In case you have a dataset where you have a mix of names with and without a middle name, you can still use Flash Fill to extract the last name.
This is because the pattern that the flash fill has identified is to extract the last word from the text string, so it doesn’t matter how many words are there, it will give you the last name in any case.
Caution: While the flash fill method has worked perfectly in our case, its accuracy is dependent on how well it can identify the pattern. In some cases, it may not be able to identify the right pattern, so it’s important that you double-check the data to make sure it’s correct. In some cases, you may need to enter the data in two or three cells for flash fill to identify the pattern correctly
Compared with the formula method covered above, the flash fill method is a lot faster and more convenient.
One big difference however is that the result of the formula method is dynamic, which means that in case you change the original name, the result in the cell that has the formula would also update.
In the case of Flash Fill, you will have to repeat the same process again to get the updated data
Extract Last Name Using Power Query
If you want to automate the process of extracting the last names from full names, Power Query is the way to go.
For example, if you often have a need to separate names in Excel or to extract the first or last name, you can do that once using Power Query, and the next time you need to do it again, you can simply refresh the query with a single click.
Below I have a data set of names and I want to extract the last name from these. Note that I have a mix of names where there are middle names and prefixes in some of the cells.
Note: When using Power Query, it is best to convert your data into an Excel Table. Doing this would make it a lot easier to work with Power Query, and also allow you to perform the same steps with a single click the next time you add new data set.
Below are the steps to use Power Query to get the last name from this dataset:
- Select any cell in the dataset
- Click the Data tab in the ribbon
- In the ‘Get and Transform Data’ group, click on ‘From Selection’. This will open the Power Query editor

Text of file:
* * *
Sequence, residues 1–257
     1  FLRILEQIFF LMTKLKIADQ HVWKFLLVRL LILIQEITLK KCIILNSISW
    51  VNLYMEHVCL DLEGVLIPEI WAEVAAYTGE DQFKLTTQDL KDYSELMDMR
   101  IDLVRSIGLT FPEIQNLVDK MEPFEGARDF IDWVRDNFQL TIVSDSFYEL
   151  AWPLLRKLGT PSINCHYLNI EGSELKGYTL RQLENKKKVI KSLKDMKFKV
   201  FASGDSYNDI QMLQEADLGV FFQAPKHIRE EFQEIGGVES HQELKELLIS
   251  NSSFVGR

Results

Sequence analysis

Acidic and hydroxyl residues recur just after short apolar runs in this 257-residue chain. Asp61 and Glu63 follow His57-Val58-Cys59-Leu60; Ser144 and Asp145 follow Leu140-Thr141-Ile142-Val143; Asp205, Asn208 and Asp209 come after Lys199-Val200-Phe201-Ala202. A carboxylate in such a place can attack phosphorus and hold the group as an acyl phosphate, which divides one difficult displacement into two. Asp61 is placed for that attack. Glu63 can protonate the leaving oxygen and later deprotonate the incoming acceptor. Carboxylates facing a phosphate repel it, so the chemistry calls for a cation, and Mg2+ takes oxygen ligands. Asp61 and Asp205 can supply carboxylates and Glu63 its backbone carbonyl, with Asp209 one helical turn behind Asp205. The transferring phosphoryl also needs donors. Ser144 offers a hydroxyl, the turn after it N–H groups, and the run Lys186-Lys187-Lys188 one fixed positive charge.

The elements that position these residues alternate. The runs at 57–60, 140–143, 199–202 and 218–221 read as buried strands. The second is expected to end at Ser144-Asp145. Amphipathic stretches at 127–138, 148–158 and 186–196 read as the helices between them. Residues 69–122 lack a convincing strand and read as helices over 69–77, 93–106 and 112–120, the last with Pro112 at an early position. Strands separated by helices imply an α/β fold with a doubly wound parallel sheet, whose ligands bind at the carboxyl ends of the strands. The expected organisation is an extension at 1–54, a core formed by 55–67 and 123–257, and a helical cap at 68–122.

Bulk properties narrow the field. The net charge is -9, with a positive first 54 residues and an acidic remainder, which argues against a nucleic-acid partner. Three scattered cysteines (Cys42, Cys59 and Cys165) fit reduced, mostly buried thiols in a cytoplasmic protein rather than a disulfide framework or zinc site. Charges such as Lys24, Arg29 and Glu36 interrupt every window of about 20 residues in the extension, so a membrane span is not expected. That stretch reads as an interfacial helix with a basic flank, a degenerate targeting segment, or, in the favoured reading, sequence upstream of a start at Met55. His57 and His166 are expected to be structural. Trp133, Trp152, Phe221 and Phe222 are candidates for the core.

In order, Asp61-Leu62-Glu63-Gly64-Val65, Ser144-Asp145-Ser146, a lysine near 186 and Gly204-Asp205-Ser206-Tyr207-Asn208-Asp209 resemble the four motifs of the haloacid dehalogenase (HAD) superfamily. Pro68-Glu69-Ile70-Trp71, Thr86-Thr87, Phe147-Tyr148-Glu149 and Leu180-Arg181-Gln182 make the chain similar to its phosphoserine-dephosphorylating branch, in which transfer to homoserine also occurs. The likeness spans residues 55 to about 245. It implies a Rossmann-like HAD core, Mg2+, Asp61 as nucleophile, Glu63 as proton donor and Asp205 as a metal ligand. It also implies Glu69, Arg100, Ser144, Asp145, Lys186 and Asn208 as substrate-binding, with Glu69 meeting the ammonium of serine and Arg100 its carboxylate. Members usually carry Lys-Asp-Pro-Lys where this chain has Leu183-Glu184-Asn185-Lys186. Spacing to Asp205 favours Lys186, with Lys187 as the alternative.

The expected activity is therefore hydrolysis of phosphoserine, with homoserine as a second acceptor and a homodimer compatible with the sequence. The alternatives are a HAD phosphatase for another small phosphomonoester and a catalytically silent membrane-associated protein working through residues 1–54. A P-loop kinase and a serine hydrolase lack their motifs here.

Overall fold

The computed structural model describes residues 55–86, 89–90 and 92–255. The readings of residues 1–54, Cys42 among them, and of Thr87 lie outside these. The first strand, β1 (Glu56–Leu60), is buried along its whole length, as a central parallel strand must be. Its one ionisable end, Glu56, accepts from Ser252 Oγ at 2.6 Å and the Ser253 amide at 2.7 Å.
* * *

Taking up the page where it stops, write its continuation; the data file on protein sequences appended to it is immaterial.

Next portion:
- In the PQ Editor, right-click on the column header
- Go to the ‘Split Column’ option
- Click on By Delimiter option.
- In the ‘Split Column by Delimiter’ dilaog box, select Space as the delimiter (if not selected already)
- In the Split at options, select ‘Right-most delimiter’
- Click OK. This will close the dialog box and you will see the result in the PQ Editor
- Rename the columns the way you want (I am going with ‘Full Name’ and ‘Last Name’)
- Click on Close and Load option in the ribbon
The above steps would insert a new worksheet in your workbook that would have the resulting table.
Note that in the above example, the first name column has the first name as well as the middle name in some cases. In case you only want the last names, you can delete the first column in Power Query, so it will only give you the last name column as the result in the worksheet.
Now if you’re thinking that this is a long method and you’re better off using Flash Fill or formula method instead, you’re probably right.
The scenario where Power Query really shines is when you get a file that has the data and you need to do multiple modifications to it (say delete some columns, delete blank rows, extract the last name, etc).
The next time you get a new file, you won’t have to repeat all these steps again. simply connect your query to the new file and refresh the query.
In such scenarios, Power Query is a far better solution than using flash fill or formulas or even VBA.
So these are three different methods that you can use to extract the last name from full name in Excel. Personally, I prefer using the Flash Fill method in most cases, as it’s fast and quite reliable.
I hope you found this tutorial useful!